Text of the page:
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Architectural Patterns

A common association to the term "Architectural Patterns" is to think about some of the patterns discussed in Buschmann et al.’s Pattern-Oriented Software Architecture [POSA 1]. In that book there are a couple patterns gathered under the category called Architectural Patterns. Examples of the patterns are Pipes and Filters and Reflection.

Pipes and Filters are about channeling data through Pipes and processing the stream in Filters. Pipes and Filters have been picked up by the SOA community as a useful pattern for message-based systems.

Reflection is built into both Java and .NET, making it possible to write programs that read from and write to objects in a generic way by only using the metadata of the objects (not knowing anything about the type of the object beforehand).

If Design Patterns is about refining subsystems or components, Architectural Patterns is about the structuring into subsystems. To make it more concrete, let’s take a common example, Layers [POSA 1].

An Example: Layers

Layers or layering is a basic principle when it comes to architecture, which means to factor out responsibilities into separate cohesive units (clusters of classes) and define the dependencies between those units. Most developers are reasonably familiar with this.

Because it’s such a commonly used and well-understood pattern, we will just give a quick example of it here to give us a feeling of the pattern category.

Problem

Assume we have built a set of classes for a SalesOrder application, such as -Customer, Order, Product, and so on. Those classes encapsulate the meaning they have for the Domain, and also how they are persisted/depersisted and presented. The current implementation is to persist to the file system and to present the objects as HTML snippets.

Unfortunately, we now find out that we need to be able to consume the objects as XML as well and to use a relational database for persistence.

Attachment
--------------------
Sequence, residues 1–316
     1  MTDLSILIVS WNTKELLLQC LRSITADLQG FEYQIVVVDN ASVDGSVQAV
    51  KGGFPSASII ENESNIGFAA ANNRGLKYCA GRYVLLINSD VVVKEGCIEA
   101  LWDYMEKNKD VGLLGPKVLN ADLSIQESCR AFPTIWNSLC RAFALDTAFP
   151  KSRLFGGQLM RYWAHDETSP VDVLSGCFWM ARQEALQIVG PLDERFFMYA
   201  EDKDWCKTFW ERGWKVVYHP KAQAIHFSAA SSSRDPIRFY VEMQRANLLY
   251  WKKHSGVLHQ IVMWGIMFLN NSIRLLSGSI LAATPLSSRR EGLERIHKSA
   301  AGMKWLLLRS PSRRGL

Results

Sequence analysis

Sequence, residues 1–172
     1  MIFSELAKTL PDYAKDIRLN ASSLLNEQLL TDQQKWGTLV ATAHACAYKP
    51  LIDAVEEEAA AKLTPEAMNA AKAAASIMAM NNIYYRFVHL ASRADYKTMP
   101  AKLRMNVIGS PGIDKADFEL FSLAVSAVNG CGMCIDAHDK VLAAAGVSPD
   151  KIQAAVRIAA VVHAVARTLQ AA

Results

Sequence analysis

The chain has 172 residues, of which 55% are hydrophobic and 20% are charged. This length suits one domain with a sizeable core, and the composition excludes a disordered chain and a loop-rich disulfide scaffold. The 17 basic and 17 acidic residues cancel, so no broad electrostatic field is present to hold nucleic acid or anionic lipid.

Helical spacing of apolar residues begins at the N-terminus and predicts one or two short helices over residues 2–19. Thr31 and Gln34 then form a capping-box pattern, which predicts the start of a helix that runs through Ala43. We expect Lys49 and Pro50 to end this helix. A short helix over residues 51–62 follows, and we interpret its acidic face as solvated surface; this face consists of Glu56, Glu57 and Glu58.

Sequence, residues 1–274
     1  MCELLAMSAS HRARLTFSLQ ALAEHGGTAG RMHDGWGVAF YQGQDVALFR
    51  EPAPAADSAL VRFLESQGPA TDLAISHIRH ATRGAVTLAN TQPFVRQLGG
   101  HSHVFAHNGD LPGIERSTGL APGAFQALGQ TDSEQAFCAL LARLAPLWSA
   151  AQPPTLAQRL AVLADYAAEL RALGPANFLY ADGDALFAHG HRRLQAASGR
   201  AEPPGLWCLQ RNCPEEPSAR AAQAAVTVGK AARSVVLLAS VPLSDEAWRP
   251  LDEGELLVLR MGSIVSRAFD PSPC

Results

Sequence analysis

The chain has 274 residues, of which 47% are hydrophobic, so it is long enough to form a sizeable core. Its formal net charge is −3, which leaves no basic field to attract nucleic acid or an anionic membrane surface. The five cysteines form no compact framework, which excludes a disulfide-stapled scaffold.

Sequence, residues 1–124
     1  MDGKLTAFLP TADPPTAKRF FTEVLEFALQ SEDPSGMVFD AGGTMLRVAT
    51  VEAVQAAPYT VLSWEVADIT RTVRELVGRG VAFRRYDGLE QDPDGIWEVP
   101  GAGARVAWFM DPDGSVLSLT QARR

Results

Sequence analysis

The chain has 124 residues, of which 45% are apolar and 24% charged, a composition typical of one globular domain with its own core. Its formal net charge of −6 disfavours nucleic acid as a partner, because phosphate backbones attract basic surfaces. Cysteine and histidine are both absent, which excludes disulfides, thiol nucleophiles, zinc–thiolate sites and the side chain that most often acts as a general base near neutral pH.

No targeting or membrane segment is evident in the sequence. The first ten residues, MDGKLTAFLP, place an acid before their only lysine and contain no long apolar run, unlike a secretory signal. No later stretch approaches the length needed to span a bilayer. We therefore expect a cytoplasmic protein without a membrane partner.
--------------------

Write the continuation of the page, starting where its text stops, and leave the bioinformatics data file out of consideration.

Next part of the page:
Solution Proposal One: Apply Layers

The most common solution to this problem is probably to factor out some of the responsibilities of the classes. The new requirements made it obvious to us that the classes were clearly breaking the SRP.

We try to split the classes so that the responsibilities are cohesively dealt with from a technological point of view.

Therefore, the old classes will now only focus on the domain meaning (let’s call the layer Domain layer). The presentation (or rather consumption) responsibilities are dealt with by another set of classes (another layer called the Consumer layer), and the persistence responsibilities are dealt with by yet another set of classes (the Persistence layer).

Three layers spontaneously felt like a typical solution here, one per responsibility category. The two new layers have two implementations each for dealing with both the old requirements and the new.

The dependencies between the layers are also defined, and in this case we decided that the consumption layer will depend on the domain layer, and the domain layer will depend on the persistence layer. That way, the Consumer layer is totally unaware of the Persistence layer, which was something we decided was good in this particular project.

We will get back to the subject of layering again in Chapter 4, "A New Default Architecture," and then approach it a bit differently.

Another Example: Domain Model Pattern

We have already discussed the Domain Model pattern [Fowler PoEAA] in Chapter 1 (and will do so much more throughout the book). I think about the Domain Model pattern as an example of an Architectural Pattern.

We’re not going to discuss an example about the Domain Model pattern here and now because the whole book is about just that. Instead, we’ll continue by focusing on another dimension of the patterns, regarding domain-dependence or not. Next up are Design Patterns for specific types of applications.

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